As an example of the nature of civil religion in America, Bellah suggested President John F. Kennedy's 1961 Inaugural Address. Although a detailed repetition of Bellah's discussion of Kennedy's speech is not possible here, he found it especially significant that Kennedy a Catholic would articulate in such an effective manner the civil religion of a predominately Protestant Christian nation. According to Bellah, "the religious dimension in political life as recognized by Kennedy not only provides a grounding for the rights of man which makes any form of political absolutism illegitimate, it also provides a transcendent goal for the political process" (3).



In his Inaugural Address, President Kennedy repeatedly referred to God and echoed ideas from the Declaration of Independence saying, for example, that "the rights of man come not from the generosity of the state but from the hand of God." Kennedy reminded the country that "here on earth God's work must truly be our own". These words resonated strongly with Americans who had chosen the phrase "In God we trust" as the national motto and had recently added the words "one nation 'under God' " to the Pledge of Allegiance.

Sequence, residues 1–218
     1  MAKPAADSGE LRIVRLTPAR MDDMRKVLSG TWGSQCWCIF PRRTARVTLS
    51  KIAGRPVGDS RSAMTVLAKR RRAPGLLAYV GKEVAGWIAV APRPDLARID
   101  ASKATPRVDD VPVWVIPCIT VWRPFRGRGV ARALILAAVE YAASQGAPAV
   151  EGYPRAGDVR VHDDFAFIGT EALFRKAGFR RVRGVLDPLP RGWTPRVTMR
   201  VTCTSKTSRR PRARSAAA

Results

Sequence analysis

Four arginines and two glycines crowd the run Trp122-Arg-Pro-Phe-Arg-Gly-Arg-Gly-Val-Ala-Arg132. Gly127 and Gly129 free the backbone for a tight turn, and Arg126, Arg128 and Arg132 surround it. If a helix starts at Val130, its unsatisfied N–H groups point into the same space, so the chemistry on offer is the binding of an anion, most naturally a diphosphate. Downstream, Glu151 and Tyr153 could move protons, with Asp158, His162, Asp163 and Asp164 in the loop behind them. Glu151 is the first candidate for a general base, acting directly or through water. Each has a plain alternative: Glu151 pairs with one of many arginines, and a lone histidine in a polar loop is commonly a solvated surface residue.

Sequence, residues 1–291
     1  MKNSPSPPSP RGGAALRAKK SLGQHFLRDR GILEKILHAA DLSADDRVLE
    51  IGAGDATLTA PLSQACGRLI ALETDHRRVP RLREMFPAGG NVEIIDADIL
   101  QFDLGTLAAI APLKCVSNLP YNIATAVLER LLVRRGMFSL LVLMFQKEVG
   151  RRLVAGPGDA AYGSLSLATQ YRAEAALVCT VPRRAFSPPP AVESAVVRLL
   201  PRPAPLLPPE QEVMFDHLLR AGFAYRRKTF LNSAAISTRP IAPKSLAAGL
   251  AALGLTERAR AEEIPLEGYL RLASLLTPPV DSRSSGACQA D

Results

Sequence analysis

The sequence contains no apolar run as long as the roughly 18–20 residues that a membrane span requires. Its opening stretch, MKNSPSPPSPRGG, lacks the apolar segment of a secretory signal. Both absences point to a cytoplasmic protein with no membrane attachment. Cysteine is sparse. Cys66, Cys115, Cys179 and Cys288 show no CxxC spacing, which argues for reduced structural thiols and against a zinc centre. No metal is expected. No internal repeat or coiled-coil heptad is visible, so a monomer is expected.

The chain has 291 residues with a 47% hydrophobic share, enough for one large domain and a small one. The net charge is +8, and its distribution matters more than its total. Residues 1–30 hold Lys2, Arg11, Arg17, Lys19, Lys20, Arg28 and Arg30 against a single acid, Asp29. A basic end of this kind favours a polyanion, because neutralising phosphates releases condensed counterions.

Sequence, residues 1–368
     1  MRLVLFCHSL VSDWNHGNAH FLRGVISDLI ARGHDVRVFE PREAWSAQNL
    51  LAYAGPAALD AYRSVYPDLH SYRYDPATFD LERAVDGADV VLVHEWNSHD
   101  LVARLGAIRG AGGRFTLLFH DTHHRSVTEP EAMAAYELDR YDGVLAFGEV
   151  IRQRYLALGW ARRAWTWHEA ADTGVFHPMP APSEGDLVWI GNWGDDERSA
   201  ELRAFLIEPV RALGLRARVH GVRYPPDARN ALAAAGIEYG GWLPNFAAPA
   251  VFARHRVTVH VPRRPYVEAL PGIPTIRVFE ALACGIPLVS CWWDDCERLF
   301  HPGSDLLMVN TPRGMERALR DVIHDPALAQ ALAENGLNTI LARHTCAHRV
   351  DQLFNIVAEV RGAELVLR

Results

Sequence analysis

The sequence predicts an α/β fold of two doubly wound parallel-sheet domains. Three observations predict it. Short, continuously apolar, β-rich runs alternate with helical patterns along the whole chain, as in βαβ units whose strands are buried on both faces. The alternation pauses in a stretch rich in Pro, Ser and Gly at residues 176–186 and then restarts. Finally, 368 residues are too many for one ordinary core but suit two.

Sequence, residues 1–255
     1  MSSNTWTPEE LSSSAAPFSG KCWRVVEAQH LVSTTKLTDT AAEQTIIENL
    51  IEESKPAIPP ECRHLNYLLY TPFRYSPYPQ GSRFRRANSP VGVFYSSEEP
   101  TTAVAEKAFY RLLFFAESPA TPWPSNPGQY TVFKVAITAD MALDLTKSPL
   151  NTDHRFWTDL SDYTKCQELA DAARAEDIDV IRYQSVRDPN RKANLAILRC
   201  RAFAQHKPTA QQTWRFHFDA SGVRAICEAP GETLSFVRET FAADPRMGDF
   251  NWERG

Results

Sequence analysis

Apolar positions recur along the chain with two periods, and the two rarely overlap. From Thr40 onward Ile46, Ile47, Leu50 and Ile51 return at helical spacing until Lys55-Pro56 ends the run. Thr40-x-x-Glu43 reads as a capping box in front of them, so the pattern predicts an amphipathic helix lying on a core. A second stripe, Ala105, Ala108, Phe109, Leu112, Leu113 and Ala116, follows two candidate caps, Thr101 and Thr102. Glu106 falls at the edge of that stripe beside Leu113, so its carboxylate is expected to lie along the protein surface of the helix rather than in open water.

Bellah observed that "civil religion at its best is a genuine apprehension of universal and transcendent religious reality as seen in or, one could almost say, as revealed through the experience of the American people"(4). He argued that there were three decisive stages in the development of "civil religion" in America.



The first related to the nation's struggle for independence in the eighteenth century and its basic tenets were stated in the Declaration of Independence.